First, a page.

As near as I understand the question, let me answer with a bit of historical narrative.
Peter Abailard was interested in the question of universals. His definition was that it is the kind of thing that can be predicated to many things (e.g., man - man is a universal because it can be applied to every man). Given the logical definition, he went on to ask the nature of universals (n.b., this is not a question for logic, but for philosophy). His logic professor (William of Champeaux) was something of a realist. That is, universals were not merely concepts of the mind, but real things--substances--found in things. Plato and Socrates are both men precisely because there is something in common between them: their humanity, and this humanity must be just as real as any thing else we really talk about.
Abailard pointed out the fallacy in that perspective immediately, which I think goes a long way in answering your friend's question. If human nature is a real thing--a substance--that is present in both men, then it is only partly present in both men; but if it is only partly present, then neither man is truly man, but only partially man. If humanity is entirely present in one, though, it cannot be present at all in another, which would make one a man and not the other. He was right thus far, but then he took a wrong step: if humanity can neither be partly nor completely found in any man, then it is not something; and that which is not something is nothing.
Now William tried to find a middle ground for his position, but ultimately failed for the reason that all strict realists must fail. Abailard's argument was correct, insofar as it went. Universals cannot be real substances, for if they are--as real things--they are either in things wholly or partly; if wholly, they are in nothing else, and if partly, then the thing in which they are found are not fully that thing. But that would prove no comfort to Abailard. For his own view was equally flawed. For if "humanity" is really nothing at all, then there is nothing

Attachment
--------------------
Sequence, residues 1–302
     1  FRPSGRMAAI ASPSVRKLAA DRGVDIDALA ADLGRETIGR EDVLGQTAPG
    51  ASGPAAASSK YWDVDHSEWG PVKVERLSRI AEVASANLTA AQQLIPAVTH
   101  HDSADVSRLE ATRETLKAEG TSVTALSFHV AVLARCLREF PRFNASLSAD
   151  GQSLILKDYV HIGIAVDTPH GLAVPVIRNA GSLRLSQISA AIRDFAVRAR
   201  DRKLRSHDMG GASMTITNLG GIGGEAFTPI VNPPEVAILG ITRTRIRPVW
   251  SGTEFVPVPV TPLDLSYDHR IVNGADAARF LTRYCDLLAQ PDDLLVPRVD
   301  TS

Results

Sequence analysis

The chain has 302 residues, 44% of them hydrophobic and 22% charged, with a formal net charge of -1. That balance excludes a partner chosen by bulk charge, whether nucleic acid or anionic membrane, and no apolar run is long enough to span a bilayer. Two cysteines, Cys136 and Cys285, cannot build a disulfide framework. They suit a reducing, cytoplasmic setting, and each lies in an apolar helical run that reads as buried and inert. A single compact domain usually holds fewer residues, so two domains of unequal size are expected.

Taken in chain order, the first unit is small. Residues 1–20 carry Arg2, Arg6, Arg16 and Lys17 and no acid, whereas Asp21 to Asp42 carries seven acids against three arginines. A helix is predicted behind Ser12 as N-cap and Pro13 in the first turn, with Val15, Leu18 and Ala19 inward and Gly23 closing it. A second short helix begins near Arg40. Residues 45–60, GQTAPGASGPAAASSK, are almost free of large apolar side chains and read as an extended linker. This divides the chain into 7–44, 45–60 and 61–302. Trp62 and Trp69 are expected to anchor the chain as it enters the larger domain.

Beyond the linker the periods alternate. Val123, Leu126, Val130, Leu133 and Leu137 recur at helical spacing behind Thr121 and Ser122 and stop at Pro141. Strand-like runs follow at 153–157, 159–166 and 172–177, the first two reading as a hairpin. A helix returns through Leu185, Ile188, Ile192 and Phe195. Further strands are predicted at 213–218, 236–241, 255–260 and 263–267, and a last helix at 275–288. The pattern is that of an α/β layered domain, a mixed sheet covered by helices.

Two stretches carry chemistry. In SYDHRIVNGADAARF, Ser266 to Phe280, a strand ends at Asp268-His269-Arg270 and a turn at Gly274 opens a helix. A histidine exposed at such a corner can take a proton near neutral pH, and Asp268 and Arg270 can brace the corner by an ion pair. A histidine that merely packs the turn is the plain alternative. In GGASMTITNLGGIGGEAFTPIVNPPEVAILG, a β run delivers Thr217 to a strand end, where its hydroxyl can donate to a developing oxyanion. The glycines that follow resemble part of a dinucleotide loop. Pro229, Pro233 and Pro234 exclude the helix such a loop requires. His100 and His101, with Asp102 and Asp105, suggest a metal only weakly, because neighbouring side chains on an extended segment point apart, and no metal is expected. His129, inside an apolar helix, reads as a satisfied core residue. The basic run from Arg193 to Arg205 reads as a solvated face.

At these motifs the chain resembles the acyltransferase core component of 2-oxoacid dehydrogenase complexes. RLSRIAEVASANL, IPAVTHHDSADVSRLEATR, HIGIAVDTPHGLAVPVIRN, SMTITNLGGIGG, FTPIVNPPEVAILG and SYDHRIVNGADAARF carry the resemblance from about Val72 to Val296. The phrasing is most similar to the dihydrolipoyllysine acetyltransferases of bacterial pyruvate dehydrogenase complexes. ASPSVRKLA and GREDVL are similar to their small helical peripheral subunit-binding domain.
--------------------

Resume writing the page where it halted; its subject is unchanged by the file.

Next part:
in a man that corresponds with our word "man." Thus, we see Abailard's reasoning fail for the same reason all nominalism fails -- if there is nothing real (in some sense) corresponding to our words, then our words have no real meaning. In other words, having proven universals are not substances, Abailard had to show how we could justifiably attribute them to things if they do not really exist at all--that is, if there is nothing in the thing to which we are attributing them to which they can correspond. He failed to accomplish his impossible task, precisely because he had not taken the road Aristotle did.
So perhaps Aristotle wasn't a novice missing such things after all . . .
Or perhaps I've completely misunderstood your question, and as such, would point you to the better educated Aristotelians that hang around here.